Wednesday, April 4, 2018

Cooperative Culture

My good friend María Silvia recently asked me to write about cooperative culture. As that struck me as a reasonable request, here are my thoughts...

The first thing to appreciate is that cooperation is the sociological opposite of competition. Mainstream US culture is rooted in competition—and characterized by hierarchic and adversarial dynamics. The basic notion is that a fair fight will produce the best result. Out of rigorous debate and trial by fire, the best ideas will prevail. (Never mind that the "fights" are rarely fair; that's another topic.)

Cooperative culture is a radically different approach, where you trust the wisdom of the collective as superior to that of the individual. Instead of a battle, you want to have minimal barriers to soliciting relevant input and to welcome divergent views. Rather than responding to differences with combat (We were doing fine until you spoke), in cooperative culture you try to respond with curiosity (Why does that person see this differently—maybe I'm missing something).

Here are features of cooperative culture:

• For cooperative culture to make sense, individuals need to identify with a group that is greater than themselves or their family—otherwise what are you cooperating with? And when this group gathers (to make common cause), there is an emphasis on members thinking in terms of what's best for the group—as opposed to advocating for personal preferences (and hoping that the sum of the parts will add up to a whole).

This is especially potent in decision-making. If there is a strong group affiliation then differences can be seen as a strength (because it broadens the base of ideas and perspectives to work with) instead of an occasion for a winner-take-all battle.

• The power is ultimately held by the group, not by an individual or subgroup who has agreed to play follow the leader. To be sure, it generally makes sense to delegate power to managers and subgroups, but it all flows from the whole.

• In cooperative culture it tends to matter as much how things get done as what gets done. The corollary of this is the primacy of relationships. If you're sacrificing relationships on the altar of principle (which I've tragically seen happen), you're at risk of drowning the baby in the bath water.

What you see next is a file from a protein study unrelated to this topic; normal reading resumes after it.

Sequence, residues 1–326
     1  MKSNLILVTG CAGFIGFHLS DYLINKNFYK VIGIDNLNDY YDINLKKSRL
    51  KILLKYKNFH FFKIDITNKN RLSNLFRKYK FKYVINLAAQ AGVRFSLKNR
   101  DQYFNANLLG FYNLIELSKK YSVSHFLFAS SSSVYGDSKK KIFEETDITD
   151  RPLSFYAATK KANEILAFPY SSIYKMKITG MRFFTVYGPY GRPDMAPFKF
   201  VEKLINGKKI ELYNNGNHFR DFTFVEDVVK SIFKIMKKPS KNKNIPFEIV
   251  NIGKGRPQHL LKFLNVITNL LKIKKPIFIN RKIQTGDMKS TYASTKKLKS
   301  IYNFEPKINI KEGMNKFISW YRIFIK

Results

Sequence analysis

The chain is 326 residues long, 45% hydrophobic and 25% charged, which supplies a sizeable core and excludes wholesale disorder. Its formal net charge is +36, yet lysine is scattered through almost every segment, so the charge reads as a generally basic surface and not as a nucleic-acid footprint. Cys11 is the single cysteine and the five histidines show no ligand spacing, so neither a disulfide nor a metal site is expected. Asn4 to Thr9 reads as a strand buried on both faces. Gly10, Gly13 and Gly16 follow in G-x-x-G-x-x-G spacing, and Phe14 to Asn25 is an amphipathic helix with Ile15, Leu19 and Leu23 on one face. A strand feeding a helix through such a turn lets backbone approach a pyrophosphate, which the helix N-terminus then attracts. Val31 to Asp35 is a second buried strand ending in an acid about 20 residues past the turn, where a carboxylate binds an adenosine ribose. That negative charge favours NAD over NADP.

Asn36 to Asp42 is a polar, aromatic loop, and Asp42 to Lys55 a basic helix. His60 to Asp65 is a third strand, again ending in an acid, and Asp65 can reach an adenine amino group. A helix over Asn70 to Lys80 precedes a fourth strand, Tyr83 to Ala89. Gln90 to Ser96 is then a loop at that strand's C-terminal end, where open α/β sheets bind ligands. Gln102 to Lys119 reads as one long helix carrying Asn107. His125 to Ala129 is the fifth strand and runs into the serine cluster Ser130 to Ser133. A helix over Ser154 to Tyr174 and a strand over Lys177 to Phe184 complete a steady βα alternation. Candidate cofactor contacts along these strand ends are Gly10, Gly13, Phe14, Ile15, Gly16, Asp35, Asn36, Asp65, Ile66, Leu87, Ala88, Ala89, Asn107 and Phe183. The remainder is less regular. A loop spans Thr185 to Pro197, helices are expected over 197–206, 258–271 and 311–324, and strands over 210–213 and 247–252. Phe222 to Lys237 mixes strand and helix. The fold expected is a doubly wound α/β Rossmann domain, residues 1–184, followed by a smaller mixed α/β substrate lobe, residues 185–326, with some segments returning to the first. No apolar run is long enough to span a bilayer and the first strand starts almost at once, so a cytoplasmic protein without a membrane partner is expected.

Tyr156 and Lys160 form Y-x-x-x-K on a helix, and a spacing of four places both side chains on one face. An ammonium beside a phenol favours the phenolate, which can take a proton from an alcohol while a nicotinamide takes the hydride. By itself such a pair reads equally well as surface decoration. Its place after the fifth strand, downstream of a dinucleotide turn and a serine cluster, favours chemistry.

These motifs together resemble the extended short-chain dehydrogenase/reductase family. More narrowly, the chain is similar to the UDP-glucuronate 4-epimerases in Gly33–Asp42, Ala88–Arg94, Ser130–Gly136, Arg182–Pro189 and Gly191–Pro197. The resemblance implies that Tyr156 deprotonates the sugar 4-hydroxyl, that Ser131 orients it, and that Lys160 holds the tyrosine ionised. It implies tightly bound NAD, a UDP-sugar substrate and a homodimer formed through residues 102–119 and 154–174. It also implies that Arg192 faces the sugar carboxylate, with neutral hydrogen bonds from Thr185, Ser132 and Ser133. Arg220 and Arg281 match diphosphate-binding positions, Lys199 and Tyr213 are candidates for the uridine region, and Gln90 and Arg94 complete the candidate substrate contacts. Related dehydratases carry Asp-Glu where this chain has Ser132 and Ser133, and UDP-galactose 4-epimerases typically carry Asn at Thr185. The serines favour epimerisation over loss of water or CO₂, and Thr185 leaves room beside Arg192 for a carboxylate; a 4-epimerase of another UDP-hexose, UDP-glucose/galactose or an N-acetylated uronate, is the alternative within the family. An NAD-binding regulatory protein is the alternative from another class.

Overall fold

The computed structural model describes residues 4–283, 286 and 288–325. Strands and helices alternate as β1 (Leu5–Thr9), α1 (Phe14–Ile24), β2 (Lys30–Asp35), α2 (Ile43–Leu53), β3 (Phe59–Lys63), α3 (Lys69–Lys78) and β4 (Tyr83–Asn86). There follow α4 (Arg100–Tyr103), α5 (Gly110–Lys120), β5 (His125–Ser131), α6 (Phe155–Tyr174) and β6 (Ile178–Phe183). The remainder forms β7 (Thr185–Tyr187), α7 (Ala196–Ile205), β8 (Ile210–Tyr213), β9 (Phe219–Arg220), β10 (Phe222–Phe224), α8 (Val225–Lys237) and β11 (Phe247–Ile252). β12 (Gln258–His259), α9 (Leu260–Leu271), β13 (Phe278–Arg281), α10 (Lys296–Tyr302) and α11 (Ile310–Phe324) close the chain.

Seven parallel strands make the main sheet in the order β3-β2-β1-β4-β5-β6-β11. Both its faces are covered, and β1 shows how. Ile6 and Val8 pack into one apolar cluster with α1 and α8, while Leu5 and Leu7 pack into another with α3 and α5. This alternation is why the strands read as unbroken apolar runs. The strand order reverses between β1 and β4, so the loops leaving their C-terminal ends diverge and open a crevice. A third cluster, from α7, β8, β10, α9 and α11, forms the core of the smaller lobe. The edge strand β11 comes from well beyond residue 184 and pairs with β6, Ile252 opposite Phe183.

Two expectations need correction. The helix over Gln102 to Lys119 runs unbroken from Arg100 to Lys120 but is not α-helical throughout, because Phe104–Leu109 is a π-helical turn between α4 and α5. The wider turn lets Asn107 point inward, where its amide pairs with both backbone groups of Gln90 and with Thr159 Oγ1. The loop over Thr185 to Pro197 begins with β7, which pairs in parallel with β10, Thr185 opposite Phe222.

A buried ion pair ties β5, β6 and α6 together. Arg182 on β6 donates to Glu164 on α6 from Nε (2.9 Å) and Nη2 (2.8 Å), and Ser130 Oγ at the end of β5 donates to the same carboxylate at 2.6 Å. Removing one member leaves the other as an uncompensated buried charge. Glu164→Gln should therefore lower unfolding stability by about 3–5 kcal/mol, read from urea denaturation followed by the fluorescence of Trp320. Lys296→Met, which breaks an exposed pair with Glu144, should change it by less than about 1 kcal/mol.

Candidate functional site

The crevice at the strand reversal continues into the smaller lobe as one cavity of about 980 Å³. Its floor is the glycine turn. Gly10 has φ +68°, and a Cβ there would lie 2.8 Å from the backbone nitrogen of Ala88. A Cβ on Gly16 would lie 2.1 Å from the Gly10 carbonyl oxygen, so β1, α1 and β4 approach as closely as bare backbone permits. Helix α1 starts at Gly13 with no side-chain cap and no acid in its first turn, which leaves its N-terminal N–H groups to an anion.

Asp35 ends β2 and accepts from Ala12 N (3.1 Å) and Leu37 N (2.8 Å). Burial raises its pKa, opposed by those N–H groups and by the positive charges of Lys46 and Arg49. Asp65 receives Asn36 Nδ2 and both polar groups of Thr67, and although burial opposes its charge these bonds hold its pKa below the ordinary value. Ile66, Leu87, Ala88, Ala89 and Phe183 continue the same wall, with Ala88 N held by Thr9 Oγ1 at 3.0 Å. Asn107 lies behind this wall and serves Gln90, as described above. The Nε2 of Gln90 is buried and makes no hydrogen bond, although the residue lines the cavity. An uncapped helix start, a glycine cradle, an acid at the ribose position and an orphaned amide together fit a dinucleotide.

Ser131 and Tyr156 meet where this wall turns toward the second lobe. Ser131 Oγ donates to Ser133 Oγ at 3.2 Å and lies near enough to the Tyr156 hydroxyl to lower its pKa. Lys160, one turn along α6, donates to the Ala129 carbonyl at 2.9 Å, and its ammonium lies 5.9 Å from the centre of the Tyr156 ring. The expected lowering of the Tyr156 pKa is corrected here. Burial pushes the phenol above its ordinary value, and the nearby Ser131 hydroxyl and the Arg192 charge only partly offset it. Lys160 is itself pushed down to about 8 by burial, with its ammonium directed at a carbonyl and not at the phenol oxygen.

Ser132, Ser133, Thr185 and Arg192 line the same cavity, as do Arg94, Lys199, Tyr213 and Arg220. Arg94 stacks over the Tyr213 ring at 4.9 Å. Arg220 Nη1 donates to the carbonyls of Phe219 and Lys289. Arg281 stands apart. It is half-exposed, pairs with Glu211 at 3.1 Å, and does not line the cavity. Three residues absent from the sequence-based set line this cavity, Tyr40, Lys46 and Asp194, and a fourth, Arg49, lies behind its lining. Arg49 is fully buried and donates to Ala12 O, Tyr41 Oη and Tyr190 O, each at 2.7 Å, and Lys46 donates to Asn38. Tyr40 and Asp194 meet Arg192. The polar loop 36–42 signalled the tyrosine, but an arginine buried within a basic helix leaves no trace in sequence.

• There is a greater emphasis on sharing, which relieves pressure to own (how many lawnmowers does a neighborhood need, anyway; how many snowblowers; how many pickups?). This can have a profound impact on the dollars needed to achieve and sustain a quality of life. With sharing you can substitute access to things for ownership.

• Some people naively think that if you commit to living cooperatively that you can leave the strife and conflict of competitive culture behind. Sorry to say, that's not what happens. In fact, by virtue of purposefully living a life that is more intertwined with others, you'll have more occasion to experience disagreement. Thus, you need to have solid ways to work through conflict if you're going to be happy living cooperatively.
That means being able to recognize and work constructively (non-judgmentally) with emotional responses. While this is a valuable and powerful skill, it is not trivial.

• If you've gotten this far it's probably occurred to you that personal work is required to create and maintain cooperative culture. You'll need to unlearn competitive conditioning and up your game in the arena of social skills. Make no mistake about it, this is work. For a deeper treatment of what I mean, see my Nov 30, 2013 blog Gender Dynamics in Cooperative Groups.

• In cooperative culture you need people filling leadership roles just as in competitive culture, but you tend to be looking for different qualities. See my Sept 27, 2011 blog, 20 Qualities of Effective Cooperative Leadership for a delineation of these. Many cooperative groups fail to discuss what's wanted in this regard, and thereby stumble over developing a culture where (appropriate) leadership is nurtured.

• In the broader US culture, there is tremendous emphasis on the individual (in contrast with the collective). In consequence it is a psychological imperative to know how we are unique and can differentiate ourselves for others. The primary way we accomplish that is through disagreement. Thus, if someone says something that we half agree with, the first thing out of most people's mouth's is , "But… " because we have been conditioned to make clear at our first convenience how we stand out.

In cooperative culture, however, we try to start with what we like about what someone else has said (without waiving our right to state concerns later), and that has a profound impact on the container in which the discussion proceeds. In essence, we tend to find what we're looking for. If you're expecting an argument, that's what you'll find. Alternately, if you're looking for agreement, that tends to be there as well, and problem solving proceeds much differently if the initial response to ideas is supportive rather than questioning—even though both are valid.

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